The tax legislation impacting Europe’s contractor market

2nd May 2017

Governments across Europe have put compliance firmly on the political agenda and for agencies and contractors operating in the region, navigating the evolving legislative landscape can be a daunting task. Legislation changes surrounding temporary and contract workers have been vast in recent times and at a time when the penalties being served for non-compliance are incredibly severe, staying on the right side of the law is critical.

This blog looks at three of Europe’s contractor hotspots where recent tax legislation has made an impact

The UK

Last year saw radical changes to travel and subsistence expense claims affecting those employed through umbrella companies. And the changes to IR35 legislation for the public sector recently implemented is set to be a heavy burden for contractors.  While the government has said that the private sector won’t be subjected to the same changes it remains to be seen what future legislation will be implemented – with many believing that the public sector is being used a testing bed for future changes within the private sector.

With Brexit negotiations still to be finalised one thing is for sure – the UK’s departure from Europe will further complicate the legislative landscape. While it remains to be seen what will happen to freedom of movement laws, there will almost certainly be new rules relating to placing flexible staff in EU countries post Brexit.


Change is also afoot in Germany where the rules regarding staff leasing engagements are changing.  Any organisation that leases contractors to a company in Germany and which does not meet the Contract Model criteria to be classified as a Contractor must operate under an AUG licence.  This means that anyone working through a PSC or umbrella company faces the risk of being non-compliant. In the past, under an AUG licence, there was no restriction on the length of the engagement. Under the new rules, contractors will be deemed as employees of the client they perform services for after 18 months. This is having a knock on effect on the classification of certain types of workers – and particularly freelancers – who will likely have to demonstrate that they are genuinely independent workers – and not open to being reclassified as deemed employees.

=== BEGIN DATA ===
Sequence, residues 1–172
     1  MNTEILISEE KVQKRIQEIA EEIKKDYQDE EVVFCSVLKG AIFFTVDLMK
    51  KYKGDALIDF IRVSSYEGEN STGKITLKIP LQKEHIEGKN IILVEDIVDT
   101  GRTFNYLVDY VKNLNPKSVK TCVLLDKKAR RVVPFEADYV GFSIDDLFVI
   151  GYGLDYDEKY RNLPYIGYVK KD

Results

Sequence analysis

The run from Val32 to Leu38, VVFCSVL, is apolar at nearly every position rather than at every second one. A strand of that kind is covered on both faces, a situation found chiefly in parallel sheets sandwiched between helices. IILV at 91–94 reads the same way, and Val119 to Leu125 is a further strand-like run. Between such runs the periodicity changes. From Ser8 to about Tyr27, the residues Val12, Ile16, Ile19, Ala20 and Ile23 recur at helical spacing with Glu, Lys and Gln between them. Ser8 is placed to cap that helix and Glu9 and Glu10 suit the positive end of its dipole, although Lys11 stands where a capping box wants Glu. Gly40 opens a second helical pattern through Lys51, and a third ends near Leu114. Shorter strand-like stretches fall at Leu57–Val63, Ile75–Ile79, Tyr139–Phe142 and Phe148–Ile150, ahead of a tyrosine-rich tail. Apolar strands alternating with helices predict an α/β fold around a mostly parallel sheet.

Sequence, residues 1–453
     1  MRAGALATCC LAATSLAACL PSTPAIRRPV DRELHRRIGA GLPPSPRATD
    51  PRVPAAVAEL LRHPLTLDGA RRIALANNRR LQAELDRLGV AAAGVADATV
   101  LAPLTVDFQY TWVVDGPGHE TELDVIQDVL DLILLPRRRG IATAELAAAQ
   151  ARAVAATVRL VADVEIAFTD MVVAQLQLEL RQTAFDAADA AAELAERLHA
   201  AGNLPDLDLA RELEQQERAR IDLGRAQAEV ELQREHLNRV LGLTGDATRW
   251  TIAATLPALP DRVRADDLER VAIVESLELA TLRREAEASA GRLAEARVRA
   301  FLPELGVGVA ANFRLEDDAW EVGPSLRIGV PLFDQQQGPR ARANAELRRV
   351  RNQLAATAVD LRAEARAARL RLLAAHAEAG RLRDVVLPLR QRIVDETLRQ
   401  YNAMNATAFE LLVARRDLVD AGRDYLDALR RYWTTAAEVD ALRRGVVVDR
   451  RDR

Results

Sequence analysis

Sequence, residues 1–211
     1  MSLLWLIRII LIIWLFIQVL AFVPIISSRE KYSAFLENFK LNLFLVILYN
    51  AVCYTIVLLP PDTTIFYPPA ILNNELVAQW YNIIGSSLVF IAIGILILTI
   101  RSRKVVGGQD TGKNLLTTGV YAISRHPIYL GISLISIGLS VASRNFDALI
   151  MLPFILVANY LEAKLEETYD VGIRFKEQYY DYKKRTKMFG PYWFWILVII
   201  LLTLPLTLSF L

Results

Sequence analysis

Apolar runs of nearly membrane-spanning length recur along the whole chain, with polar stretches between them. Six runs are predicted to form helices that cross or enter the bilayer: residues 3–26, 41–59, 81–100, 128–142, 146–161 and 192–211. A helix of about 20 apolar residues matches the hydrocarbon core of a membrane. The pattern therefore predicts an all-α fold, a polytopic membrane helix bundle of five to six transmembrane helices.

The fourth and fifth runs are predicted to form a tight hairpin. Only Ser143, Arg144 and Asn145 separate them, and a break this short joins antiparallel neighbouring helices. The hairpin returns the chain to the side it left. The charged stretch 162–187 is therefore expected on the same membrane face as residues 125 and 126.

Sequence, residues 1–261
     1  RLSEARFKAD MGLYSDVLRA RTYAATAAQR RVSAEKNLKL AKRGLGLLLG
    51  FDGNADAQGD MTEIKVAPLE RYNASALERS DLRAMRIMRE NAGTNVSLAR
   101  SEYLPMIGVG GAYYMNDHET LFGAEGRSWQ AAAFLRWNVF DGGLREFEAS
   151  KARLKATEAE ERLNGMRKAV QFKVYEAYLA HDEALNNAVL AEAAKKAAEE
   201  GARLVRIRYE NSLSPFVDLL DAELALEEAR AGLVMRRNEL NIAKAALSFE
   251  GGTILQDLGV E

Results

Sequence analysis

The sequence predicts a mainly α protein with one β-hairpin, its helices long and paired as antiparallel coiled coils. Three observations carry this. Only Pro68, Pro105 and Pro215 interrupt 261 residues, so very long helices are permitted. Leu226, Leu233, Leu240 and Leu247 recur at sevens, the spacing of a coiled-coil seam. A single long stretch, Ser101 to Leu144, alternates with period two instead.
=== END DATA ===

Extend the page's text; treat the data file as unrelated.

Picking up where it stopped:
This further complicates an already challenging employment landscape. Recruitment firms placing contractors into Germany already have to wrestle with existing German legislation to ensure that the worker is compliant. Essentially it will be vital for recruitment firms to clearly – and correctly – define the employment model at the start of the contract.

The Netherlands

Prior to May 2016 any self-employed professional could provide their clients with a Declaration of Independent Contractor Status (Verklaring Arbeidsrelatie – VAR) as proof that there was no employment relationship. However the rules around VAR certified workers changed last year with both parties now sharing responsibility for evaluating the employment relationship via the use of Model agreements. This means that contractors will need to be extra vigilant if they are not to fall foul of the new law.

While all this may sound onerous, the opportunities across Europe are plentiful. And, if you’re unsure of the legal landscape, ensure you partner with an international contractor management company that keeps you on the right side of the law

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